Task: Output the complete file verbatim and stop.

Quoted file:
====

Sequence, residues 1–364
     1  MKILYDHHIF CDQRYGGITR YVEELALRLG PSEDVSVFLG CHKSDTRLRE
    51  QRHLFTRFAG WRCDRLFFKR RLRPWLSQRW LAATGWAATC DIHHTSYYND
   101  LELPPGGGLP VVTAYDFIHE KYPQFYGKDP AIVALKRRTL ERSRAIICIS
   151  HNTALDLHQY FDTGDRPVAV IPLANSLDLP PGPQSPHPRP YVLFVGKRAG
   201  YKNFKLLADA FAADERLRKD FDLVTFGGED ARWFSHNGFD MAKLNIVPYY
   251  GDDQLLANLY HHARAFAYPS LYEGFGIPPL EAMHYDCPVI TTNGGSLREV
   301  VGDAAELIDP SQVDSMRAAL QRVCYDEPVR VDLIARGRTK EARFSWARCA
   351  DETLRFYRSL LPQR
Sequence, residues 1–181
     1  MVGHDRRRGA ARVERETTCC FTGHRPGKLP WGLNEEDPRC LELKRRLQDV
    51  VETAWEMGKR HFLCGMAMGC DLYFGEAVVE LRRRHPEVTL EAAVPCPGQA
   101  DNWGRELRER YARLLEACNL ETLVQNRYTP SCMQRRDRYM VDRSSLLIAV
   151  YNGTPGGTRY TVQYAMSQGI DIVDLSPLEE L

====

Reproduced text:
Sequence, residues 1–364
     1  MKILYDHHIF CDQRYGGITR YVEELALRLG PSEDVSVFLG CHKSDTRLRE
    51  QRHLFTRFAG WRCDRLFFKR RLRPWLSQRW LAATGWAATC DIHHTSYYND
   101  LELPPGGGLP VVTAYDFIHE KYPQFYGKDP AIVALKRRTL ERSRAIICIS
   151  HNTALDLHQY FDTGDRPVAV IPLANSLDLP PGPQSPHPRP YVLFVGKRAG
   201  YKNFKLLADA FAADERLRKD FDLVTFGGED ARWFSHNGFD MAKLNIVPYY
   251  GDDQLLANLY HHARAFAYPS LYEGFGIPPL EAMHYDCPVI TTNGGSLREV
   301  VGDAAELIDP SQVDSMRAAL QRVCYDEPVR VDLIARGRTK EARFSWARCA
   351  DETLRFYRSL LPQR
Sequence, residues 1–181
     1  MVGHDRRRGA ARVERETTCC FTGHRPGKLP WGLNEEDPRC LELKRRLQDV
    51  VETAWEMGKR HFLCGMAMGC DLYFGEAVVE LRRRHPEVTL EAAVPCPGQA
   101  DNWGRELRER YARLLEACNL ETLVQNRYTP SCMQRRDRYM VDRSSLLIAV
   151  YNGTPGGTRY TVQYAMSQGI DIVDLSPLEE L